• under a "fair use" rationale for release in specific countries like the United States, where fair use is allowed.
  • Fun logo File:Wikimikolaj.png is OK as long as the Wikimedia management, who owns the logo does not dislike it. But we could imagine a rule making compulsory to release the hat as a standalone public domain picture before the combined picture can be uploaded. (public domain has no "share alike" condition, therefore combining "public domain" and allrightsreserved is legal [I dislike it, I don't think it should be encouraged, but I have to admit that it is legal]). Teofilo 11:45, 2 February 2011 (UTC)Reply

We could imagine a rule that DerivativeFX is always used for file combinations including allrightsreserved. For example I tried to combine an unfree logo and a free hat with Derivative FX and had the following message :

Sorry, your images can't be merged! The licenses are incompatible or the licenses can't be detected. See above for all license tags the tool found for this images: * File:Wikipedia-logo.png o {{Copyright by Wikimedia}} * File:Princely_Hat.svg o {{Cc-by-3.0}}

If we had a rule to upload separately each part of the screen, provide the authors and licence for each part, then use DerivativeFX, when uploading a full screenshot on Commons, we would have fewer problematic files being uploaded. Teofilo 12:16, 2 February 2011 (UTC)Reply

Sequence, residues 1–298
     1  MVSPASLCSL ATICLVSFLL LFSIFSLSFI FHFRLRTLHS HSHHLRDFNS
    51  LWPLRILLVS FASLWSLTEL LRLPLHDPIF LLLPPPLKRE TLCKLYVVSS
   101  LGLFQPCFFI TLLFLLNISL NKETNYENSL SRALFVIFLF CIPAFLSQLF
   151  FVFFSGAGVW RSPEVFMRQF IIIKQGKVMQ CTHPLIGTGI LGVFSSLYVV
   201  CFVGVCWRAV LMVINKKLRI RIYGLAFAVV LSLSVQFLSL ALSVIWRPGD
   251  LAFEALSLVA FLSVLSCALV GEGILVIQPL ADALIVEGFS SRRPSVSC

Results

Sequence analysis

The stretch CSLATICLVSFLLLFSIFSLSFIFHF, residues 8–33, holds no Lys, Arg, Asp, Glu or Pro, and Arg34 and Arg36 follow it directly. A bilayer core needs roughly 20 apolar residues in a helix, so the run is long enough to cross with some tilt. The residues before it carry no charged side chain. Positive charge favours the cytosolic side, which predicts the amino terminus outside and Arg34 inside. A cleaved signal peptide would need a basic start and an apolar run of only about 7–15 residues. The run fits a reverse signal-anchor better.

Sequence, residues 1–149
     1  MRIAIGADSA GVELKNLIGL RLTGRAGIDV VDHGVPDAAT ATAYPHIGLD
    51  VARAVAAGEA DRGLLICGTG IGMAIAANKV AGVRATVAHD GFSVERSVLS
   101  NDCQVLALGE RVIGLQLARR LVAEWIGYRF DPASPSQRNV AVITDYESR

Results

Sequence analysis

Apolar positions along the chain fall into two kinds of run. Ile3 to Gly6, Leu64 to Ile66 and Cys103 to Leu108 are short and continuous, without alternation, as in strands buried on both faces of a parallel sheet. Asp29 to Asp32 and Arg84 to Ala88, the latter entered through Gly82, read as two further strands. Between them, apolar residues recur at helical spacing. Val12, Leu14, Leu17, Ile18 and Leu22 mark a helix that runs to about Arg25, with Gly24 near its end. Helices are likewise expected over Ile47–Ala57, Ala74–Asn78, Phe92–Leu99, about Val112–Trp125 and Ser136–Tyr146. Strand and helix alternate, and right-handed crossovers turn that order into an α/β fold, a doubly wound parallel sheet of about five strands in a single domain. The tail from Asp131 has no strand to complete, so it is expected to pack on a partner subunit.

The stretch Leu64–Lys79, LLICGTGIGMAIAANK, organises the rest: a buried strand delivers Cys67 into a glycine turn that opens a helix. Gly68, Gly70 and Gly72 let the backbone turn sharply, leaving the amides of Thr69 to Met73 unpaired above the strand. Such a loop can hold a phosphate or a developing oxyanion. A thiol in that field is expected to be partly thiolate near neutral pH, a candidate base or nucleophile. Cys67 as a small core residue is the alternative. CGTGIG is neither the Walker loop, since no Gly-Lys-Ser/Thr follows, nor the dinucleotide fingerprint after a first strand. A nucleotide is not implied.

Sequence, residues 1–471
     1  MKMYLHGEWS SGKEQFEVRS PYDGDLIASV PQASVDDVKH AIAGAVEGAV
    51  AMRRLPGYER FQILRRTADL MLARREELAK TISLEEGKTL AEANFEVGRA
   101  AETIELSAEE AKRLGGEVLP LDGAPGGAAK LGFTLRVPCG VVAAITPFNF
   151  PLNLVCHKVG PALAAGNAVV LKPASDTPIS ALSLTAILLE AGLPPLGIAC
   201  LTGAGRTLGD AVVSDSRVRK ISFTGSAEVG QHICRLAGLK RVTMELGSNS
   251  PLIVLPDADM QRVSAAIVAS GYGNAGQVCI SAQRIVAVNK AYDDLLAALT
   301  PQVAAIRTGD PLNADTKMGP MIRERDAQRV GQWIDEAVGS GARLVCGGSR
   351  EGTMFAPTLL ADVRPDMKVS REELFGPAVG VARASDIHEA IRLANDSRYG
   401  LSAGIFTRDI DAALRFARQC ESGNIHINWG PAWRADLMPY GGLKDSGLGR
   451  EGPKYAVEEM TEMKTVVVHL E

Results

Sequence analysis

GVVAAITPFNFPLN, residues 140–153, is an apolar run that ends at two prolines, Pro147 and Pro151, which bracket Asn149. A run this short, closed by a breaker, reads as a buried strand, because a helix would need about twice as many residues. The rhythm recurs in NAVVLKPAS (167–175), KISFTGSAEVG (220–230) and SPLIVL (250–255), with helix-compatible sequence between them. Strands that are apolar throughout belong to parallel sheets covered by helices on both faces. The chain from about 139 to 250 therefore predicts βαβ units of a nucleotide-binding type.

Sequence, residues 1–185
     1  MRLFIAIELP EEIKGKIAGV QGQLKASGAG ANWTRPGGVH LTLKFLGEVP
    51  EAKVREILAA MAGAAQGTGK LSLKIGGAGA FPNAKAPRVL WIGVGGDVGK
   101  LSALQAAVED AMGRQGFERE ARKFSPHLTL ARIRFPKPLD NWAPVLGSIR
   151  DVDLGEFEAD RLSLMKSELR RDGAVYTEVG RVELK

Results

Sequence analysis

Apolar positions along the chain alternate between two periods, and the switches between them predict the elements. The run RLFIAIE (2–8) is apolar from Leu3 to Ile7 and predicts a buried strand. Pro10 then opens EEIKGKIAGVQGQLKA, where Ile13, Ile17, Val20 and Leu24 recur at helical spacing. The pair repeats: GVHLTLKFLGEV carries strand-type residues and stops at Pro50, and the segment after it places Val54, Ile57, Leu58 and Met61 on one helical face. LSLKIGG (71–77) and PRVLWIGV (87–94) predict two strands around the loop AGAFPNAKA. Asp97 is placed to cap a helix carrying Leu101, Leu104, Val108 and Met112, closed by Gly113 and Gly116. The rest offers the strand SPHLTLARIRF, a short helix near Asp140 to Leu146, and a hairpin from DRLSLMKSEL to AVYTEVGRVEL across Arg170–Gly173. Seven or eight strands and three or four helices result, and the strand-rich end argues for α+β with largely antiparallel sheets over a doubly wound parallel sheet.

Teofilo 12:16, 2 February 2011 (UTC)Reply

Again we need to discuss what is acceptable and what is not. If you think that it is not ok to combine free text with unfree logos then moving the files to Allrights reserved is stupid waste of time.
Creating fun logos is ok if Wikimedia management does not mind. Well do we know if they mind? If they allow us to use the logo why not let everyone use it. If they do not think it is ok then it is stupid waste of time to move them to Allrightsreserved.
If logos are PD-ineligible or is actually free because they once was free or because they are a derivative work of a free file then the files are free and it is nonsens to delete them as unfree or to move them to Allrightsreserved.
As for DerivativeFX it is just a tool. Who desides what we should do? A creator of a tool? Well I can move fair use files from enwiki to Commons with my bot. Does that make it ok for Commons to host fair use files? --MGA73 21:23, 2 February 2011 (UTC)Reply
  • I think it is not OK on Commons. Allrightsreserved could have less tight rules. Or not.
  • I think it is easier for "them" to allow "us" here (revokably) because, it is more simple for them to delete here in case they feel they have too.
  • You are right that a tool is just a tool. I just wanted to point out that in my view, that specific tool is the kind of "good practice" that should be encouraged. People doing file-merging without that tool should always have in mind the question "would DerivativeFX allow me to do that?" and make suitable conclusions. Teofilo 16:23, 3 February 2011 (UTC)Reply